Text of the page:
A few years ago I was at a holiday party, decked out in one of my favorite suits - a bespoke tailored pin stripe affair from Mark Powell of London, England and unfortunately it caught fire. I was sitting a little too close to a candle and the super 120 wool ignited in fairly spectacular fashion, at least according to the man that extinguished the blaze that left a good sized hole on the back of my jacket.
Despite the tragic circumstance, at least from my wardrobes perspective, it was a fortuitous meeting for me. It turns out that my savior - Francesco - owns the Palazzo Ravizza, one of the oldest and finest hotels in Siena, Italy.
Siena is a city that I have had a long love affair with since visiting several times as a child. One of my most vivid memories is of watching the Palio - the chaotic bareback horse race that circles the central Piazza del Campo and that dates back to medieval times. But I have other memories - eating plates of spaghetti in cavernous brick cellars, munching on crisp slices of street pizza while walking in the shadow of the Duomo. And the gelato, oh the gelato!
The view from The Palazzo Ravizza
I was eager to return to Siena, and after having made such a good connection I made sure to visit when traveling through Tuscany back in 2009. The Palazzo Ravizza turned out to be even more idyllic than I imagined, and Francesco a gracious host. We stayed up late in to the night drinking grapa, talking about the history of Siena and, most importantly, about food.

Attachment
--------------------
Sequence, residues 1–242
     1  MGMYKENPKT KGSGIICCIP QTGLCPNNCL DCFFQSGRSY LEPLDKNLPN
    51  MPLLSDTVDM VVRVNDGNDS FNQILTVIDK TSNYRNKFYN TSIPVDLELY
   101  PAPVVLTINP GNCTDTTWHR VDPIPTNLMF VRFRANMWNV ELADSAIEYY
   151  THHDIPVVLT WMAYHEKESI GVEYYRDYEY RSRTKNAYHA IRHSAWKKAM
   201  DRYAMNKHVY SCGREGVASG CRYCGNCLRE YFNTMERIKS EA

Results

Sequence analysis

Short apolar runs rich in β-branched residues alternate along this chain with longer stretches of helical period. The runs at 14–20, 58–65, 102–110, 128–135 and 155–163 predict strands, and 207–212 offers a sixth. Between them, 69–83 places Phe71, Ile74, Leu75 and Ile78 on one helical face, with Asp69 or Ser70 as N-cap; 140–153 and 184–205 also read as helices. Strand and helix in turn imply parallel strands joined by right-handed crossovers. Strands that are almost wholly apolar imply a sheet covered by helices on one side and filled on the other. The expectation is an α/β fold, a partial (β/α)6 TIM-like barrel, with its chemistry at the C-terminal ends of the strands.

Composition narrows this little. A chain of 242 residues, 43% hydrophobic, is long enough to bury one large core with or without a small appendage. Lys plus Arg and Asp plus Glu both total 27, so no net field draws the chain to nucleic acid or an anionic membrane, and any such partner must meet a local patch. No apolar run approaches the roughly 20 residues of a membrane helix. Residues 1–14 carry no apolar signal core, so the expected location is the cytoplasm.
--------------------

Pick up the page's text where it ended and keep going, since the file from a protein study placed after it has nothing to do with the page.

My first meal in Siena was a casual late dinner affair at Enoteca I Terzi, named because it lies at the intersection of the three "terzi," or districts that divide the ancient city - Terzo di San Martino, Terzo di Camollia, Terzo di Città. I feasted on prosciutto and local cheeses while quaffing a bottle of Ruffino. The thick home made spaghetti was pleasant, but the lamb ragu lacked a bit in the way of depth of flavor. Speaking to Francesco later in the day he lamented the fact that while adept at producing wonderful pork and beef the Sienese were not so expert with lamb.
Enoteca I Terzi, Via dei Termini 7, 53100 SIENA.